Mexico is coming to terms with one of the strongest earthquakes it has experienced in a century – one that literally shook the world.
As the Caribbean deals with – and Florida prepares for – the onslaught of Hurricane Irma, at least 1m people in Mexico have been affected by an 8.2-magnitude earthquake that struck at 4.49am IST this morning (8 September).
Striking 165km off the Chiapas state in the south of the country, cities and towns in the affected area are without electricity and several people have been confirmed dead.
According to The Guardian, state governor Manuel Velasco said that the situation is critical as the lack of electricity is directly affecting hospitals’ ability to operate, though 800,000 homes in the region have regained power.
The seismic readings showed that the earthquake was the largest in a century and stronger than the 8.0-magnitude earthquake that killed as many as 5,000 people in the country in 1985.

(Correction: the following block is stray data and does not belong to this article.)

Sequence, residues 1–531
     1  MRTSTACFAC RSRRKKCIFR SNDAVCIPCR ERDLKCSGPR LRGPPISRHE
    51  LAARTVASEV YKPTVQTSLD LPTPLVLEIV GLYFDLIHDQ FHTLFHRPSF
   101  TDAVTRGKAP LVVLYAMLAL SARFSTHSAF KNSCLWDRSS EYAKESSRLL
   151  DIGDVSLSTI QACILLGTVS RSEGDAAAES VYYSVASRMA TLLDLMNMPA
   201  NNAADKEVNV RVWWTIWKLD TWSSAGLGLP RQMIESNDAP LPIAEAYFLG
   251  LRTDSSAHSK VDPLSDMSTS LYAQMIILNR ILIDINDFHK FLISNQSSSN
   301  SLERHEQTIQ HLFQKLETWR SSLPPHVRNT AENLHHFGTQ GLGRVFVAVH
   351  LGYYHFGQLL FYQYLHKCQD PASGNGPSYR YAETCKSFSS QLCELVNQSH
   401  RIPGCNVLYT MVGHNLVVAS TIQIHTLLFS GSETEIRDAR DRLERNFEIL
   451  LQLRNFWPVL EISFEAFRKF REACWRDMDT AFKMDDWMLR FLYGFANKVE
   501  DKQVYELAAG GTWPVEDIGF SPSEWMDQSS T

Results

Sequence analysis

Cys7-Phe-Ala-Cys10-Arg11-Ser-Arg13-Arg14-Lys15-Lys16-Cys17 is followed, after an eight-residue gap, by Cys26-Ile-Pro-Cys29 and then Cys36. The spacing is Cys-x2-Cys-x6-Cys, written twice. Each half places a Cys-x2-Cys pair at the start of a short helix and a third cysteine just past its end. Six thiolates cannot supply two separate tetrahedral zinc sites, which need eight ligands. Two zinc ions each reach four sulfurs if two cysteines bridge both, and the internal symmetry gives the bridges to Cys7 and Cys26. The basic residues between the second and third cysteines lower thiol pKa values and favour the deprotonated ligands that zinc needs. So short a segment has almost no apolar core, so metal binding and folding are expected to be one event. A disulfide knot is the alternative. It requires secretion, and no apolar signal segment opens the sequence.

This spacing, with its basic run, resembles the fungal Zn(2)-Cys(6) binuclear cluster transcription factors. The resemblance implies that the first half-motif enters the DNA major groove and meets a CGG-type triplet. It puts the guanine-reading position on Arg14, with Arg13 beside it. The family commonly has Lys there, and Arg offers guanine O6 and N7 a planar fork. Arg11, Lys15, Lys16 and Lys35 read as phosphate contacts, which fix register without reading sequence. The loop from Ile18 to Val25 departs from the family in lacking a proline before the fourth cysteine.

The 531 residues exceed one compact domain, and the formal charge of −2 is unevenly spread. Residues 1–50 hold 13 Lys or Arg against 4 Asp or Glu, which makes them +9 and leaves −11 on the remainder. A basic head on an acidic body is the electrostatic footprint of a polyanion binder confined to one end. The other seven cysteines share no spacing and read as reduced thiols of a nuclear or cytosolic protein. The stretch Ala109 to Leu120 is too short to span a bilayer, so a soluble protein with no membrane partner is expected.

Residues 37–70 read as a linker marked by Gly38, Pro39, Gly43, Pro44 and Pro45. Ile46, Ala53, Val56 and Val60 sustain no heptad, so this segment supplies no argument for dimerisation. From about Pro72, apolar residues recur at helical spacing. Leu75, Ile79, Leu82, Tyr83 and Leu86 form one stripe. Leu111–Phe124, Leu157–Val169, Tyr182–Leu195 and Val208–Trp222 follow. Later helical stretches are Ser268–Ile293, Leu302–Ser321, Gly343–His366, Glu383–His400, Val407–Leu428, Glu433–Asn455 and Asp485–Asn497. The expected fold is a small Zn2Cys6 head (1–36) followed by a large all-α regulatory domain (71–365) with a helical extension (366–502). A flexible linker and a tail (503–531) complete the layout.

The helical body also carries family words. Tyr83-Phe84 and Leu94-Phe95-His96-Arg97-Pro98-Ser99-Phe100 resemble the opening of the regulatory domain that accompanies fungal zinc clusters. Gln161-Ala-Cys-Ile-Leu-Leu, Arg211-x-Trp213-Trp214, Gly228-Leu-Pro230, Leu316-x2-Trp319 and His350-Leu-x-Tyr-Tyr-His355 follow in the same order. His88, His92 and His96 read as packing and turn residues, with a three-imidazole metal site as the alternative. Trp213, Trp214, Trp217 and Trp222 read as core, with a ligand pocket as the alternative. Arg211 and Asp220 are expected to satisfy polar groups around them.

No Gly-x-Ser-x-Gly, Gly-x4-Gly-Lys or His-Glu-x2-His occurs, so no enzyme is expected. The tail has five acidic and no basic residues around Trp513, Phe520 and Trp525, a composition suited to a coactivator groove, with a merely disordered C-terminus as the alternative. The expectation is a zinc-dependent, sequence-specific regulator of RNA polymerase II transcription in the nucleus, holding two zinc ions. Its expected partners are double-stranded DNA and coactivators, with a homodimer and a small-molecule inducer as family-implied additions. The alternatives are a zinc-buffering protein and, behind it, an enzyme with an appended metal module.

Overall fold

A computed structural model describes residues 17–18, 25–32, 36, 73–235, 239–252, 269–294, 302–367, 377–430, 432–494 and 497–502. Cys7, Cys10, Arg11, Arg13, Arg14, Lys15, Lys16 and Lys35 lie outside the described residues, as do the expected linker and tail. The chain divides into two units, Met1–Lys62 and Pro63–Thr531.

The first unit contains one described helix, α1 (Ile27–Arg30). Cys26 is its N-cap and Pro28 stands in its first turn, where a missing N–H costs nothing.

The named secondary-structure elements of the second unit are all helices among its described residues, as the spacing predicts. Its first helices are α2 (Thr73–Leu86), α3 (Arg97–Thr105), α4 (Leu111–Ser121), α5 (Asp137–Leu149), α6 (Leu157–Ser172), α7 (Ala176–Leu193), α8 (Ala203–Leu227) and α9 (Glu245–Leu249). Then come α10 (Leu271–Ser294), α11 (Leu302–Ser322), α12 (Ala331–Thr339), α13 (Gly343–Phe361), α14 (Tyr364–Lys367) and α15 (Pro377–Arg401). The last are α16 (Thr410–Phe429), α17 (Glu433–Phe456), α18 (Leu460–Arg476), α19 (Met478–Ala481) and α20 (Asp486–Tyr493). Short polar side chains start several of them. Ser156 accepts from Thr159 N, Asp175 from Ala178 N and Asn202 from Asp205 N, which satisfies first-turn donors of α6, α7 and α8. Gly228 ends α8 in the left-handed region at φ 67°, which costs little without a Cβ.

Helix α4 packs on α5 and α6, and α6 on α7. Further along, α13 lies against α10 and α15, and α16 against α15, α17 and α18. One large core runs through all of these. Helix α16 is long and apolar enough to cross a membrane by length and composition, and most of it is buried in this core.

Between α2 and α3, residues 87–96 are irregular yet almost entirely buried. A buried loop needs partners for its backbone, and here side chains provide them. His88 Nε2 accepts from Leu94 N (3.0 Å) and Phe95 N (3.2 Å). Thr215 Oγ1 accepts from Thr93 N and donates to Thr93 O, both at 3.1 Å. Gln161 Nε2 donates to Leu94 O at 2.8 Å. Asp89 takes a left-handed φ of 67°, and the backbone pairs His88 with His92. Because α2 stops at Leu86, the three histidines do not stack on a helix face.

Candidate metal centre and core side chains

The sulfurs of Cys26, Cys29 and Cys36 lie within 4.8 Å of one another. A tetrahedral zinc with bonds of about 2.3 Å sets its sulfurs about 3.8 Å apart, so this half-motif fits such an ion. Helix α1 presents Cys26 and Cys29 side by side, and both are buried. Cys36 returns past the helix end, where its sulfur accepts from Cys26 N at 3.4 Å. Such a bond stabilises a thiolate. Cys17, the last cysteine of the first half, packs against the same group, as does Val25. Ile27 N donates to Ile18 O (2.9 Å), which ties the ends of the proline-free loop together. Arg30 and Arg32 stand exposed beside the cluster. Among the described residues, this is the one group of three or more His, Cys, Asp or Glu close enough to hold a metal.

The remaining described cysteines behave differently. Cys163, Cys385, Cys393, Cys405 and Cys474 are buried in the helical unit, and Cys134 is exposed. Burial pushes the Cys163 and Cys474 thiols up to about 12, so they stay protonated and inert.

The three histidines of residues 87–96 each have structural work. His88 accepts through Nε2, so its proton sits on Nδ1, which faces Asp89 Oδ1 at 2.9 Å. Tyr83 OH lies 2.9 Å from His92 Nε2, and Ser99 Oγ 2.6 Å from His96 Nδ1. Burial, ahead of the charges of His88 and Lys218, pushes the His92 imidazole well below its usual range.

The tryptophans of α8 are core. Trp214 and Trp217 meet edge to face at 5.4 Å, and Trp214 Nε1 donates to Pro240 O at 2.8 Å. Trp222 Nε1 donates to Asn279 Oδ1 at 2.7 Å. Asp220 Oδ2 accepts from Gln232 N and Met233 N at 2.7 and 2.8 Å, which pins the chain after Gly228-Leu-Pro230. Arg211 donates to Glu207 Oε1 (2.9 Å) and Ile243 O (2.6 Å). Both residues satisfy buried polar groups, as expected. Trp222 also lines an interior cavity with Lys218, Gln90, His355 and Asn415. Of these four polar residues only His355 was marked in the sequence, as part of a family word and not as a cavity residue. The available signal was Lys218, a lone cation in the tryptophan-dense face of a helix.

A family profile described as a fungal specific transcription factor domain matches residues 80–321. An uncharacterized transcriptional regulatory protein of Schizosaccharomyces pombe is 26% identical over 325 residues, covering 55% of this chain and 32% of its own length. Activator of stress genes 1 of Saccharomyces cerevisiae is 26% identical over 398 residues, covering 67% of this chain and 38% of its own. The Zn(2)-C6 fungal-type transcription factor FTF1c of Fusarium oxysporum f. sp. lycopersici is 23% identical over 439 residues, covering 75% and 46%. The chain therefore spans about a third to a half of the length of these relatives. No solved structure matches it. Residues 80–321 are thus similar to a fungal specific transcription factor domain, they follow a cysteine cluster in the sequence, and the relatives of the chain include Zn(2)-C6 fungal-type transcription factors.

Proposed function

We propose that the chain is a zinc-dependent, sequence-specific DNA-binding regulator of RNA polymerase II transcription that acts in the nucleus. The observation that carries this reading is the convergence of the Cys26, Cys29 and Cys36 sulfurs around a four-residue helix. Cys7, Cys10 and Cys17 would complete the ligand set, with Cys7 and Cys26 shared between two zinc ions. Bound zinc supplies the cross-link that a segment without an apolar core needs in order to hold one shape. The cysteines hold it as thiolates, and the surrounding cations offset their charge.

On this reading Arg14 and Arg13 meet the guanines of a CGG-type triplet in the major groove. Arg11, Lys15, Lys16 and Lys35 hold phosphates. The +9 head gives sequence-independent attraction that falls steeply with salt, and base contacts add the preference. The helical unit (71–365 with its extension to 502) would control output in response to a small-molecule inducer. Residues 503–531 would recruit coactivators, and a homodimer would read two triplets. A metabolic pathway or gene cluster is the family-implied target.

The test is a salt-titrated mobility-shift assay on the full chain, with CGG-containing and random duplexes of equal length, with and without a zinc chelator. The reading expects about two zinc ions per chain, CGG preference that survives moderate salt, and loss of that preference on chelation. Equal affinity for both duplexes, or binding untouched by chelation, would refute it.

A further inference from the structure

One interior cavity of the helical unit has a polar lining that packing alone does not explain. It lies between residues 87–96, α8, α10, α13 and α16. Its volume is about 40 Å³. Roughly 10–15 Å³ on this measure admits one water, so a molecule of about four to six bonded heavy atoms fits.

The earthquake was so strong, in fact, that its shockwaves were felt across the globe, including Ireland, where the Dublin Institute for Advanced Studies recorded them using the Irish National Seismic Network (INSN).
This isn’t the first time that the INSN has picked up activity from across the globe – in 2013, it recorded signs of some of North Korea’s earliest nuclear tests at its stations in north Donegal and the Dublin Mountains.
Meanwhile, the Mexican seismological authority has issued a report on its recording of the major quake, locating its origin to 19km below the Earth’s surface, 60km off the coast.
It also said that the state of Chiapas is no stranger to earthquakes as it marks a point of interaction between five tectonic plates, and has suffered three major tremors since 1970.